Supplement to “Kentucky’s Artisan History: Brooms, Bourbon, Longrifles”
When it wants historical authenticity, Hollywood–for that matter, artistic enterprises from across the globe–comes calling on the contemporary makers of Kentucky crafts.
Frank House made the pistol and rifle Mel Gibson used in the Revolutionary War-period film The Patriot, as well as a pistol for the actor who played the evil British colonel in that film; he also instructed the actors on how to use the weapons. He served as master armorer (the guy who keeps the firearms firing) for Russell Crowe’s Master and Commander: The Far Side of the World and consulted on the Pirates of the Caribbean movies. (He even spent a few days working with more contemporary firearms on the set of War of the Worlds.)
Eighty-eight of Richard Henson’s brooms were used on the television series Dr. Quinn, Medicine Woman. Henson says Dr. Quinn star Jane Seymour was especially fond of his Kentucky Cabin broom. Last winter 16 of his Shaker brooms appeared onstage in England, during the Northern Ballet Theatre of Leeds’ production of Angels in the Architecture, a ballet set to Aaron Copeland’s Appalachian Spring.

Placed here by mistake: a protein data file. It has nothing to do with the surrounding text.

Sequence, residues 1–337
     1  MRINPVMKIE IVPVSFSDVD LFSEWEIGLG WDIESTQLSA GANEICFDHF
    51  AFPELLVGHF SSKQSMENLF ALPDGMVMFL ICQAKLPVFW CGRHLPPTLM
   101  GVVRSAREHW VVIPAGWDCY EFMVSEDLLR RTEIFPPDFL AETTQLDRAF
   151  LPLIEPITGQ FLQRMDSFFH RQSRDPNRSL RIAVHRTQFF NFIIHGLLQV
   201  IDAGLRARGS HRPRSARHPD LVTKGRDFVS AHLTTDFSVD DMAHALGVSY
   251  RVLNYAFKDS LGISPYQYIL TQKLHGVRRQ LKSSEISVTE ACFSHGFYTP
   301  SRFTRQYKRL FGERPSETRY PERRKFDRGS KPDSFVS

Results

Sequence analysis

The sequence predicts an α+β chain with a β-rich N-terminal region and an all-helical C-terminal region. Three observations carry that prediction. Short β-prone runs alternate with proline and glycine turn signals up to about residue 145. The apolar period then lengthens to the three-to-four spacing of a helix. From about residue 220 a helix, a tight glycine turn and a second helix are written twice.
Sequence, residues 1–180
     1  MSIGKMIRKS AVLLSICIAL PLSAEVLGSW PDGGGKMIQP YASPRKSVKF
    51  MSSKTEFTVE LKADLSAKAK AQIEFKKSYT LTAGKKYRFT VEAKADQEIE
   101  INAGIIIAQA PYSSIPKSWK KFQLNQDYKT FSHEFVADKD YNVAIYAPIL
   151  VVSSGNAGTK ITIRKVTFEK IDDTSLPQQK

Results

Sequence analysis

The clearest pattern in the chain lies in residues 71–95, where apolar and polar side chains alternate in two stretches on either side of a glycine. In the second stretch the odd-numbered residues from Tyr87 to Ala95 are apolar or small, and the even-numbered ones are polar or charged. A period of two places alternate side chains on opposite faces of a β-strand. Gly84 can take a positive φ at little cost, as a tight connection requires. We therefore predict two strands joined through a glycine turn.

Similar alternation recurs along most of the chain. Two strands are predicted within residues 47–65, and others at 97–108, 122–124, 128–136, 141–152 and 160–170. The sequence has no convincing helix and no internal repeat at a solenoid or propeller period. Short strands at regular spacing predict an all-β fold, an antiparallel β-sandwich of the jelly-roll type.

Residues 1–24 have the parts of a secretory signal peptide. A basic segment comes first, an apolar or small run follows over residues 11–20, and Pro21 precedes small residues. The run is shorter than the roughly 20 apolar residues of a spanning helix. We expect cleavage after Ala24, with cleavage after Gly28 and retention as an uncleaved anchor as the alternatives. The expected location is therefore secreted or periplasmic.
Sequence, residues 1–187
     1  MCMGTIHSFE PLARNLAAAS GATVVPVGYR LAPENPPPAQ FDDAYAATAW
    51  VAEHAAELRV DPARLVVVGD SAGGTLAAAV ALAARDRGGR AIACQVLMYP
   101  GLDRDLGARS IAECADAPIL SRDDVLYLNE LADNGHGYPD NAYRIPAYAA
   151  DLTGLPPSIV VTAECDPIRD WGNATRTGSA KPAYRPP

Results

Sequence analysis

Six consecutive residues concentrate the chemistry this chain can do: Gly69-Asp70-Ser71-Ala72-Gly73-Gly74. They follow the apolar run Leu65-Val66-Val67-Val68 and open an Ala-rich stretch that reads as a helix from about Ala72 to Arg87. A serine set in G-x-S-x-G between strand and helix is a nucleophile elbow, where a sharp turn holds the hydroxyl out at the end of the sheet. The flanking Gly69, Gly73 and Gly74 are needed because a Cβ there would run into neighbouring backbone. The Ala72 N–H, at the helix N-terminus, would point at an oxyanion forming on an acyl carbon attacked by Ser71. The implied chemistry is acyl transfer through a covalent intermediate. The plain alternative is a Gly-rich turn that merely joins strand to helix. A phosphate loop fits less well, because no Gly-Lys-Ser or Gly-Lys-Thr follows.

The distinctive apothecary-style bottle of Bulleit Bourbon, now distilled in Lawrenceburg at Four Roses, appeared in a saloon on the HBO television series Deadwood. (Another character on that show asked by name for another Kentucky brand that’s still being made, Basil Hayden’s.)
The American longrifle probably originated in Pennsylvania, based on the Jaeger, a style of German hunting rifle that was shorter and had a wider barrel. The best early makers were in Pennsylvania and Virginia.
So why is it universally known as the Kentucky rifle?
Because Kentuckians used it so well. (And probably because the state’s name scans so nicely in poetry and song.)
The name comes from a popular ballad of 1826, written by Samuel Woodworth about Andrew Jackson’s victory in the Battle of New Orleans, called The Hunters of Kentucky.
Frank House quotes the most famous lines from memory:
But Jackson he was wide awake and wasn’t scared at trifles
For well he knew what aim we take with our Kentucky rifles.
“You go anywhere in the world and say ‘Kentucky rifle’ and people know what you’re talking about,” says Mel Hankla, who’s working on a book called The Kentucky Rifle: America’s Excalibur. “But if you say anything else–you say ‘Pennsylvania rifle’ or ‘American longrifle’–you have to stop and explain.
“It’s a nomenclature that was born in glory, and it’s become an icon.”
To read the Kentucky Living August 2009 feature that goes along with this supplement, go to Kentucky’s Artisan History: Brooms, Bourbon, Longrifles.